I have to leave Vegas.
There’s a foul energy here that’s making me not well.
I’ve been around. I’ve seen a lot of sleazy stuff, believe me. There’s not much I haven’t seen. I’m not a prude. By no means… Consenting adults, and all that stuff.
But there’s something about this place that saps my soul. Etches it. Leeches it.
Or tries to.
We came in yesterday afternoon. A stopover from Provo in Utah, heading to Palm Springs. It was too long a haul in one day. We had to break it up. And looking at a map, there weren’t many options. So Vegas it was.
My wife and I had been to Vegas before. We were living in LA at the time, and thought we’d take our kids there for Easter. We tried to buy them Easter eggs. It wasn’t possible. We discovered that Las Vegas doesn’t celebrate Easter at all. No acknowledgement of it.
My wife and I aren’t church goers. We follow no established religious faith. But Easter is Easter. And some eggs for the kids, and a certain respect for what Easter represents, is always appropriate.
But in Vegas, Easter doesn’t exist.
That was then. We stayed on the Strip back then, in one of those very large fancy Casinos.
I don’t gamble. I gamble with my work every day. I don’t need to put coins in a slot. I think gambling is throwing money away. I have real issues with the way gambling is advertised in Australia. Gambling has become a huge social problem.
If you’ve got the money to lose and you want to gamble, then fine. Consenting adults and all that stuff. But gambling in Australia, and probably in the US as well, is targeted at lower income earners who don’t have the money to lose.
It plays on their hopes. On their dreams. On their belief that the next coin in the slot, the next throw of the dice, is going to hit the jackpot. Make it all worthwhile.
The House always wins in the long run.
This trip I didn’t want to go back to the Strip, with all that glitz. I wanted to get a sense of the old Vegas, when Sinatra and Dean Martin and those guys were kings.
So I booked us into a hotel on Fremont Street, in downtown Vegas. It was built in 1901, and called the Golden Gate Hotel & Casino, situated right opposite the original Greyhound Bus Depot. I love the architecture and design of that era.
This would be cool, I thought.
And it was cool.
Walking through to the lobby, you are channeled through the Casino, of course, and I noticed the beautiful old fashioned slot machines with leather chairs and foot stools. As a piece of design, they were wonderful.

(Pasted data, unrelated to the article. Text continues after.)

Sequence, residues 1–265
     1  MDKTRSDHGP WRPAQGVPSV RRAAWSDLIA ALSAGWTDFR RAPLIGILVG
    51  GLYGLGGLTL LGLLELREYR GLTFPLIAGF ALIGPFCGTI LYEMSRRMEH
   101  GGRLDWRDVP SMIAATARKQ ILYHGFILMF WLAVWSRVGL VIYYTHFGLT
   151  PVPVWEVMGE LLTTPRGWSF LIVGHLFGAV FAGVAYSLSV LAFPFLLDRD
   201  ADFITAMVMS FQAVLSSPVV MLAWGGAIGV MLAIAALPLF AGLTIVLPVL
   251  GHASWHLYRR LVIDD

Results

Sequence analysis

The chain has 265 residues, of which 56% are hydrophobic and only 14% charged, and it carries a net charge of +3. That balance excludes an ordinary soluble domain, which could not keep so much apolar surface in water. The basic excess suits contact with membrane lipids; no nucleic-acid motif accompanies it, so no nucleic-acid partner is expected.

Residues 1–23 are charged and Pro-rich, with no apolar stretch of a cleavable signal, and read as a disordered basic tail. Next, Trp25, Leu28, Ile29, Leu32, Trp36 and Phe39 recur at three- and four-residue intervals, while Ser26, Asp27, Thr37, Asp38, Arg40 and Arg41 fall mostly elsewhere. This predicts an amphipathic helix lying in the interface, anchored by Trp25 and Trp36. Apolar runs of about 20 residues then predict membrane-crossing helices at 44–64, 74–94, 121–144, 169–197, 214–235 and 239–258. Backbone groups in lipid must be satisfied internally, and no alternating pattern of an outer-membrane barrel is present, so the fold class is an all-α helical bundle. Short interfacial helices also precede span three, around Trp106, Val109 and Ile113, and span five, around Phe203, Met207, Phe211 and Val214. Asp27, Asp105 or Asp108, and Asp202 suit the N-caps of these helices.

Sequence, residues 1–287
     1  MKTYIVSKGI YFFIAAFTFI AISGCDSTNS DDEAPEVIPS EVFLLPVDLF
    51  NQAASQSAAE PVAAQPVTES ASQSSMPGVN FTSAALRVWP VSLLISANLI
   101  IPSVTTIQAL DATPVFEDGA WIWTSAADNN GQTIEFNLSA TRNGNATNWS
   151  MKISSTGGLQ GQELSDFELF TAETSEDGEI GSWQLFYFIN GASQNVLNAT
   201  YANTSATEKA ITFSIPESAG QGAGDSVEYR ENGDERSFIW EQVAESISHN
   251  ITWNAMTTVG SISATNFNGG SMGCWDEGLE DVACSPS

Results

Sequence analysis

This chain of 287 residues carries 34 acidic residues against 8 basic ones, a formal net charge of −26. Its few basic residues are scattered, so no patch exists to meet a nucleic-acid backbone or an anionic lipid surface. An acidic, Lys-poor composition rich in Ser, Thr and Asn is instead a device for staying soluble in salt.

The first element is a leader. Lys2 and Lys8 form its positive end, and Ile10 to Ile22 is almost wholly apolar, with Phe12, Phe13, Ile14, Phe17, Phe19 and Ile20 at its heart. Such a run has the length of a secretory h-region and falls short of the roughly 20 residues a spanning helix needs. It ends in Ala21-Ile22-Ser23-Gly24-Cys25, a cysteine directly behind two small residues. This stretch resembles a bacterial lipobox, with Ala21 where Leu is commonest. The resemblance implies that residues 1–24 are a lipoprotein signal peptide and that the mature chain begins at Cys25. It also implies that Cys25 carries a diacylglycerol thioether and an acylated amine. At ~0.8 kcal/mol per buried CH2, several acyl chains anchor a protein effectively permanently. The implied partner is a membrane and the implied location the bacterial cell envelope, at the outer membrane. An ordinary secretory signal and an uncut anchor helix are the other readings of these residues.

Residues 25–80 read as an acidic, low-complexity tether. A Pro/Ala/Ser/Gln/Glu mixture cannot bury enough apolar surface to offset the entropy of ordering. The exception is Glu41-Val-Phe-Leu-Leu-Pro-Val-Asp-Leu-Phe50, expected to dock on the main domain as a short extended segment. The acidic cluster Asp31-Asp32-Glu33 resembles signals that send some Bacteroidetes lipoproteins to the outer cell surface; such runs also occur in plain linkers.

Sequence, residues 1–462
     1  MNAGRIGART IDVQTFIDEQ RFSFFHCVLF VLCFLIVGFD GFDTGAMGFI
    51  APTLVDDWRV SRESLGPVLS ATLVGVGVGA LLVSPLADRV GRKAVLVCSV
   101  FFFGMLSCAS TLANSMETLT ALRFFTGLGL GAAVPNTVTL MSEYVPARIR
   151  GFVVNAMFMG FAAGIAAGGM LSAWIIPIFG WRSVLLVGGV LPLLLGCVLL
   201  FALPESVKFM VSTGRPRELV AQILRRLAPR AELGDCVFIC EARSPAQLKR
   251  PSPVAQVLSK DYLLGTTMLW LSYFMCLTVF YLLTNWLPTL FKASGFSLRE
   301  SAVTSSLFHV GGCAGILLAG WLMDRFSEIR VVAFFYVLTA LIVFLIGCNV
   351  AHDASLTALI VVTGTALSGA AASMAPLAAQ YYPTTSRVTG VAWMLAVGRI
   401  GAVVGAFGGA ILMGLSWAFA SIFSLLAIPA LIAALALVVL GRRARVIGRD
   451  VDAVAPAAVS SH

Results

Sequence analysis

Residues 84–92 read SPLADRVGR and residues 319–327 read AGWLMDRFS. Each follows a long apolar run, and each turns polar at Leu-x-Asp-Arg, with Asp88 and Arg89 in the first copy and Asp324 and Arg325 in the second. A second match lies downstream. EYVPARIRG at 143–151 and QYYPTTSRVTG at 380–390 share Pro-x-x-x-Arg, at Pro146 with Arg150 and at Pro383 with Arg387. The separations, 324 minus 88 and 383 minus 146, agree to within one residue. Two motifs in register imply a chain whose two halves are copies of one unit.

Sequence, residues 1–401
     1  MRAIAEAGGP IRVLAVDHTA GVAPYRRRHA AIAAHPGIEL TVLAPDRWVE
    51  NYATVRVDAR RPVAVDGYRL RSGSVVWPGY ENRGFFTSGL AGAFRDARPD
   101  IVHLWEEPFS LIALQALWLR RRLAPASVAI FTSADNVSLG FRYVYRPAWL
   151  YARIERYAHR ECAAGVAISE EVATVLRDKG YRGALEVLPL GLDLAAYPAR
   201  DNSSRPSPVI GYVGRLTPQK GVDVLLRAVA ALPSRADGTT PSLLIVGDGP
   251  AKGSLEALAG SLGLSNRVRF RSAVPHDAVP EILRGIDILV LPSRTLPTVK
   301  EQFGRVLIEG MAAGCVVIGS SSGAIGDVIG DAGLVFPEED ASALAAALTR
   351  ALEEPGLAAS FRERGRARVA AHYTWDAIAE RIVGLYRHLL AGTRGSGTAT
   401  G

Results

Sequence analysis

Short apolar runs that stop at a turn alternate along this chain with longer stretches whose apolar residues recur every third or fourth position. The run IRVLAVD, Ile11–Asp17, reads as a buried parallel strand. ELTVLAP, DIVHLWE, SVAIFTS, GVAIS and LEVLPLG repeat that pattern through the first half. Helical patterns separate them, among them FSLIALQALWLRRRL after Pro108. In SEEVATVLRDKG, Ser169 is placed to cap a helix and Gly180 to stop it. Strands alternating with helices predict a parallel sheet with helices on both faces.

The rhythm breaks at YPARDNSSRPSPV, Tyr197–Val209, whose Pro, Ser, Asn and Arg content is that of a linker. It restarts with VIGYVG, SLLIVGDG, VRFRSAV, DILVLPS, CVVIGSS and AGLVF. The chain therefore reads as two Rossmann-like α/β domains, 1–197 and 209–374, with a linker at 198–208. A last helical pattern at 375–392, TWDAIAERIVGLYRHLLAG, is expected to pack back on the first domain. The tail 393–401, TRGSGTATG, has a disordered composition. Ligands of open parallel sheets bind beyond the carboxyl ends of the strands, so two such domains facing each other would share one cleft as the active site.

The room had chunky iron taps in the bathroom, and tiling of the era. Again, beautiful.
As it turned out, the hotel was at the top of what was called the Fremont Street Experience – a closed walkway which straddles about three blocks – about half a mile – covered by a canopy which at night becomes an extraordinary light show.
We had dinner in a Casino buffet – subsidised by gambling, it was an amazing “all you can eat” for $13.99. Steaks cooked to order, crab, shrimp, delectable desserts, bottomless drinks. What they lose on the buffet, they more than make up in the Casino.
I went out last night to go to the drug store and take some photos – and at 10pm all the lights of the surrounding Casinos and shops dimmed, and the The Fremont Street Experience began.
There were massive speakers all through the walkway, and The Who’s Tommy – Pinball Wizard boomed out. Some drunk bikers started playing air guitar. Above on the canopy, an extraordinary light-show started up. Everyone stopped and stared upwards. Out came the cellphones to record it all.
It lasted about five minutes, and it was an amazing spectacle. And then the lights of the Casinos came back up again, and everyone resumed normal programming.
Normal programming was getting shitfaced and ogling the sexy girl/dancers and the Chippendale-esque men with their buffed bodies and socks down their fronts.
I didn’t need to be there.
I’d gone out to get some Vitamin C from Walgreens. I was coming down with something. Vegas had attacked my immune system.
I took the photos I wanted to take, got my Vit C, and headed back to the hotel room where Jennifer was happily reading.
There are places on this earth that have beatific energies. Santiago is one of them. Lourdes is another. So too are the Himalayas. And the Ganges.
And following the laws of nature – Newton’s Third Law of Motion – that for each force there is an equal and opposite force; for each energy there is an equal and opposite energy – then there are places on this earth that have foul energies.
For me, Las Vegas is such a place.
I have to leave. I’ve seen what I wanted to see. I’ve taken my photos and I’ve had a rest. Now it’s time to continue my journey…